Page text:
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Will Self: 'I like Orwell's writing as much as the next talented mediocrity'

'I like Orwell's writing as much as the next talented mediocrity'

Will Self takes aim at Orwell's rules for writing plain English
Meet Afghanistan's middle-class paint-ballers

Meet Afghanistan's middle-class paint-ballers

Toy guns proving a popular diversion in a country flooded with the real thing
Al Pacino wows Venice

Al Pacino wows Venice

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Neil Lawson Baker interview: ‘I’ve gained so much from art. It’s only right to give something back’.

Neil Lawson Baker interview

‘I’ve gained so much from art. It’s only right to give something back’.
The other Mugabe who is lining up for the Zimbabwean presidency

The other Mugabe who is lining up for the Zimbabwean presidency

Wife of President Robert Mugabe appears to have her sights set on succeeding her husband
The model of a gadget launch: Cultivate an atmosphere of mystery and excitement to sell stuff people didn't realise they needed

The model for a gadget launch

Cultivate an atmosphere of mystery and excitement to sell stuff people didn't realise they needed
Alice Roberts: She's done pretty well, for a boffin without a beard

She's done pretty well, for a boffin without a beard

Alice Roberts talks about her new book on evolution - and why her early TV work drew flak from (mostly male) colleagues
Get well soon, Joan Rivers - an inspiration, whether she likes it or not

Get well soon, Joan Rivers

She is awful. But she's also wonderful, not in spite of but because of the fact she's forever saying appalling things, argues Ellen E Jones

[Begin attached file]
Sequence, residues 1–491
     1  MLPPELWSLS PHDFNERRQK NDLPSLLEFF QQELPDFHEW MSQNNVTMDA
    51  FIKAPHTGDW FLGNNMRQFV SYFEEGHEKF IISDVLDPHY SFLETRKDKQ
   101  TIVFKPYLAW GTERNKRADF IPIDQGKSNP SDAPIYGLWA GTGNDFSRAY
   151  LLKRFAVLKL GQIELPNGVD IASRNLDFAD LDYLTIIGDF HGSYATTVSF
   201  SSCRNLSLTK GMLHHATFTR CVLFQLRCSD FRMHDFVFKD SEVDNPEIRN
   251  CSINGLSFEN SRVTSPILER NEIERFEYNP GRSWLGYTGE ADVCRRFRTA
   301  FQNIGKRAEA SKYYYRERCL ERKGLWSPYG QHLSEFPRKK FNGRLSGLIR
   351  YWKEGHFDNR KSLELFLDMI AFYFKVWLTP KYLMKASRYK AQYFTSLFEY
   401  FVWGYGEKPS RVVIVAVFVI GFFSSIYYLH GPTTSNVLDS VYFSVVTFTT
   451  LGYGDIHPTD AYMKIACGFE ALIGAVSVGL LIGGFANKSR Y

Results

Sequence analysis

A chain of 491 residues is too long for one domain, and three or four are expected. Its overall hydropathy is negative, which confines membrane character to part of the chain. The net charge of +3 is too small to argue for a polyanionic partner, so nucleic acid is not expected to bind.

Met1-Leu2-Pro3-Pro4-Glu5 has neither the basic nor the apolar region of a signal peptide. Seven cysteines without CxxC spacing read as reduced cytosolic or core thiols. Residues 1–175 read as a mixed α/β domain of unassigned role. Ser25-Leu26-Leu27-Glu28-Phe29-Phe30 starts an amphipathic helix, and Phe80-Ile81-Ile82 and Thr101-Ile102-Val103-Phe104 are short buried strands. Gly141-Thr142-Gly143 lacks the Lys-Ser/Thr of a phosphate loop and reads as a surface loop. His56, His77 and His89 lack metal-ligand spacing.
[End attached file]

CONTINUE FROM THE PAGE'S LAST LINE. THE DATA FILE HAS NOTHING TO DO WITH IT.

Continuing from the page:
Doctor Who Into the Dalek review: A classic sci-fi adventure with all the spectacle of a blockbuster

A fresh take on an old foe

Doctor Who Into the Dalek more than compensated for last week's nonsensical offering
Fashion walks away from the celebrity runway show

Fashion walks away from the celebrity runway show

As the collections start, fashion editor Alexander Fury finds video and the internet are proving more attractive
Meet the stars of TV's Wolf Hall... and it's not the cast of the Tudor trilogy

Meet the stars of TV's Wolf Hall...

... and it's not the cast of the Tudor trilogy
Weekend at the Asylum: Europe's biggest steampunk convention heads to Lincoln

Europe's biggest steampunk convention

Jake Wallis Simons discovers how Victorian ray guns and the martial art of biscuit dunking are precisely what the 21st century needs
Don't swallow the tripe – a user's guide to weasel words

Don't swallow the tripe – a user's guide to weasel words

Lying is dangerous and unnecessary. A new book explains the strategies needed to avoid it. John Rentoul on the art of 'uncommunication'
Daddy, who was Richard Attenborough? Was the beloved thespian the last of the cross-generation stars?

Daddy, who was Richard Attenborough?

The atomisation of culture means that few of those we regard as stars are universally loved any more, says DJ Taylor